A year ago, financial services interest groups of every stripe pushed hard to sway Department of Labor regulators who were in the midst of drafting new conflict of interest rules governing the sales of financial products into retirement accounts.
Warnings were dire. Costs to retail financial advisors would rise and cause thousands of them to retire, scale back their practices or drop unprofitable middle market accounts.
Now that the final rule is on the books, insurance agents and financial advisors have had several months to mull over the real-world effects of the Conflict of Interest rule, a regulatory tome of more than 1,000 pages.
As is so often the case, the real-world reaction to a sweeping regulation in Washington is more nuanced than lobbyists would have you believe. Worst-case scenarios rarely come to pass, while new opportunity blossoms in unexpected ways.
In the case of Anthony Kosobud, president and principal of Retirement Journey Advisors in Minneapolis, the new rules have caused him to “license up.”
Having already passed the Series 6 and Series 63 exams, Kosobud is studying to pass the Series 65 exam, the Investment Advisers Law Exam. Passing this exam will allow him to act as an investment advisor representative in some states and offer investment advice for a fee.
“For us, there’s a great opportunity to enter the fee-based world and in this whole (DOL) thing you have to find the right niche,” Kosobud told InsuranceNewsNet.
A Series 6 exam already qualifies Kosobud to sell mutual fund products and variable insurance contracts. The Series 63 exam allows him to function as a “securities agent.”
But with the move toward a fee-based world, the 48-year-old Kosobud said the writing is on the wall: prepare to survive and thrive in a fee-based world.
Retirement Journey Advisors, which also specializes in 401(k) plans and income and insurance planning, is teaming up with CPAs, attorneys and other fee-based practices, as well as fee-based wealth managers, he said.
The licensure exams are offered through the North American Securities Administrators Association and administered by the Financial Industry Regulatory Authority, or FINRA.
In addition to the Series 65 exam, Kosobud said he’s half-way through earning his Retirement Income Certified Professional designation, which is issued by The American College of Financial Services and unrelated to the exams.
Too many advisors are in a “little bit of a haze,” Kosobud said, taking a wait-and-see attitude, especially with several industry group suing the DOL in federal court seeking to vacate the rule.
“They are waiting for things to happen and you can’t be that way, you have to be like Wayne Gretzky,” Kosobud said, referring to the Hall of Fame hockey player who once said he always planned to skate to where the puck was going to be on the ice.
Many industry experts expect that the DOL’s Conflict of Interest rule will shift industry business models away from commission-based products toward fee-based models in an effort to stamp out “self-dealing” and the temptation on the part of agents to steer clients into products from which agents themselves stand to benefit.
Jackson National, the top seller of variable annuities in the U.S., earlier this year registered to issue a fee-only variable annuity. Analysts said this product launch is in response to the dawning of a fee-based world.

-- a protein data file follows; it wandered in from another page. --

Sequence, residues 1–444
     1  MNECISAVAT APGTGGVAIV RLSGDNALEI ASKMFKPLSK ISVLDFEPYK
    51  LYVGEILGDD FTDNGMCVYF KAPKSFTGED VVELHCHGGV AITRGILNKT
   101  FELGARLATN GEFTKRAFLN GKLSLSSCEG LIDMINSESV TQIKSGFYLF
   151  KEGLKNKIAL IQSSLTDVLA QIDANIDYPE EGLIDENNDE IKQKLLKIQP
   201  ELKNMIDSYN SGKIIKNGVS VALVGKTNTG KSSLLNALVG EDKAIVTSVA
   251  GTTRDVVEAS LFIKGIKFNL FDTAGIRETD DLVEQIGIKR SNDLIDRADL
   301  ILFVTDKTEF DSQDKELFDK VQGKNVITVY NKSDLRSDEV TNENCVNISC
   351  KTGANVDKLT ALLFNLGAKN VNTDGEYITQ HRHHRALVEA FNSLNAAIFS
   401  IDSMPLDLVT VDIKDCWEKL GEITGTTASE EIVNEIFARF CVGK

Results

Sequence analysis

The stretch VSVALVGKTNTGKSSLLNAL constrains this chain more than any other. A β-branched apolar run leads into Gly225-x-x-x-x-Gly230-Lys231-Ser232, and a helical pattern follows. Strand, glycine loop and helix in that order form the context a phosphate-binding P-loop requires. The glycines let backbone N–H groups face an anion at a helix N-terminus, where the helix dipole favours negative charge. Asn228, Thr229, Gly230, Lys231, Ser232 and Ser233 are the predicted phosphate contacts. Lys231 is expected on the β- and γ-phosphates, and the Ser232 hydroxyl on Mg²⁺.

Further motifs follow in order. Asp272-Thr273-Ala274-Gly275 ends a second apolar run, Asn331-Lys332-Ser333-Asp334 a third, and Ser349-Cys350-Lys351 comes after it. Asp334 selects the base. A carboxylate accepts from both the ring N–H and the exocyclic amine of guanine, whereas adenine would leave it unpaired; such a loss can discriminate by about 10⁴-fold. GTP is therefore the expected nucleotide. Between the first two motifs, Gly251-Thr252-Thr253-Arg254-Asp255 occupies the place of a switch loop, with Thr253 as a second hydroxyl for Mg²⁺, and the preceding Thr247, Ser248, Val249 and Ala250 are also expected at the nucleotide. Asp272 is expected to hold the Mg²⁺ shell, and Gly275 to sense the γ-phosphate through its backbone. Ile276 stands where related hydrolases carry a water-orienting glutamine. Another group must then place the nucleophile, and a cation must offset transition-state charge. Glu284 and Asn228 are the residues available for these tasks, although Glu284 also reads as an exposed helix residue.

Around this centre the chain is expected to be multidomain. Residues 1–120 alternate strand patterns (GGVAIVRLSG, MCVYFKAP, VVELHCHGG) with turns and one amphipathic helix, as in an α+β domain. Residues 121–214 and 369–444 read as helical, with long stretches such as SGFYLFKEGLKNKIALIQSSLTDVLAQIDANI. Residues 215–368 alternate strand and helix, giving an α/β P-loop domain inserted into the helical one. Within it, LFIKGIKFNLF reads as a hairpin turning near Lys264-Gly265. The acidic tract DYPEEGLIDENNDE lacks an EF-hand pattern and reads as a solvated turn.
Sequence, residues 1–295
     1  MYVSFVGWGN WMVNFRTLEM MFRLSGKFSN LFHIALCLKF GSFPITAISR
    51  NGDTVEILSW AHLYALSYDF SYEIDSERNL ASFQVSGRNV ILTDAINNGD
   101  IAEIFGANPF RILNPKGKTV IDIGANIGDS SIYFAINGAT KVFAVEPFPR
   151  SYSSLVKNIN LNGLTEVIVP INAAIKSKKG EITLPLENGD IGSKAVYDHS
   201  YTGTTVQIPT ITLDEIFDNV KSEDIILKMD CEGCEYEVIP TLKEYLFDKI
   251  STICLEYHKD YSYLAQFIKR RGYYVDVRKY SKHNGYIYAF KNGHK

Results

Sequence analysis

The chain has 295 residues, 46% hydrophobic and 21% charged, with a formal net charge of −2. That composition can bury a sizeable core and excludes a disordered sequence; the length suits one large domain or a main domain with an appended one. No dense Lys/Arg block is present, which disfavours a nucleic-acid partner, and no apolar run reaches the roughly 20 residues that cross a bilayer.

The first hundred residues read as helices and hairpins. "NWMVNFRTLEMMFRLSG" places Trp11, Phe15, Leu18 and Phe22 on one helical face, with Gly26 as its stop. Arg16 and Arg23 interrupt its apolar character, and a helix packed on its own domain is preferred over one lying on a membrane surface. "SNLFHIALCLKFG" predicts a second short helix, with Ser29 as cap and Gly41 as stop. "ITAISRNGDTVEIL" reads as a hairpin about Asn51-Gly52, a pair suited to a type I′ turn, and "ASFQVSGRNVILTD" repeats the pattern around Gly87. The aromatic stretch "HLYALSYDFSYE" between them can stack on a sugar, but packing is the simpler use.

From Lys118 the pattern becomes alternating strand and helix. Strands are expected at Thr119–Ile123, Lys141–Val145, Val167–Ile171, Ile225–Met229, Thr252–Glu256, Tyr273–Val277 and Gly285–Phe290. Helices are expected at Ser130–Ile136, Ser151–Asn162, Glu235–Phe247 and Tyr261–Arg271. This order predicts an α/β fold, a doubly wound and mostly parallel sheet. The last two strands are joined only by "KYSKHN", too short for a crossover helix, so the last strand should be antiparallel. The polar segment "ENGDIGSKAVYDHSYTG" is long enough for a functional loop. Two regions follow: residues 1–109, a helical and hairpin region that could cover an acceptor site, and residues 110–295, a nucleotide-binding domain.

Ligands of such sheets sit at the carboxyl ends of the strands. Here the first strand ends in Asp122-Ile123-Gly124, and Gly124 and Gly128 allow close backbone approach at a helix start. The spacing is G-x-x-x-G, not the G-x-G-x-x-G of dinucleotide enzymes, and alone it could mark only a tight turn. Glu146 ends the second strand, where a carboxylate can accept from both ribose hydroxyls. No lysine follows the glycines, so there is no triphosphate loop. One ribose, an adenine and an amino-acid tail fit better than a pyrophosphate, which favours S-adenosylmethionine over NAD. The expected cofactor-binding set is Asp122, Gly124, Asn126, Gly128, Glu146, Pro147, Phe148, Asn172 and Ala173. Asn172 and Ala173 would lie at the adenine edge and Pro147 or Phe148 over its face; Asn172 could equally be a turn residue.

Advisor Mulls 'Licensing Down'
In Syracuse, N.Y., many miles east of Minneapolis, Richard C. Murphy is at a different stage in his career. Murphy is founder of Richard C. Murphy Insurance & Financial Concepts.
Murphy already holds the Life Underwriter Training Council Fellow, Chartered Life Underwriter and Accredited Estate Planner designations. He told InsuranceNewsNet that while he has every intention of staying in the business, he’s thinking about not renewing his Series 6 securities license.
He may not need to.
Murphy has been a fixture at the Million Dollar Round Table, or MDRT, thanks to his life and disability insurance and fixed annuity sales volumes into the high net worth market. But the argument to remain licensed to sell variable products is wearing thin for him.
“If the world of equities went away, I’d do just fine,” Murphy said. Staying away from the investment portfolio “wouldn’t change my quality of life.”
The reason to consider surrendering his equities license is that if some products that he sells under the DOL’s Best Interest Contract Exemption open him and his family up to class action disputes in the future, then he figures he’s better off letting colleagues handle it.
By the time plaintiffs take umbrage with Murphy’s investment advice, he may be long gone but he fears his family still may be a target.
He has seen too many park bench ads from plaintiffs’ attorneys soliciting life insurance policyholders to call if they believed they have been wronged.
If a variable annuity turns up as the best tool to fulfill a client’s planning needs, Murphy said he simply would refer his client to a partner who holds the proper training and licensing requirements.
Most people he has talked to aren’t talking about dropping their securities licenses, but Murphy also said he remains wary of rising errors and omissions (E&O) professional liability premiums. He estimates that his E&O coverage costs him less than $2,500 a year, which is still affordable.
But when obstetricians pay hundreds of thousands in professional liability premiums annually, Murphy has no doubt that his professional liability insurance company will have no qualms about raising the price of E&O when the day comes.
When it comes to variable products and insurance policies tied to stock indexes, “I may stay away from those things,” he said. “I don’t need them.”
InsuranceNewsNet Senior Writer Cyril Tuohy has covered the financial services industry for more than 15 years. Cyril may be reached at firstname.lastname@example.org.
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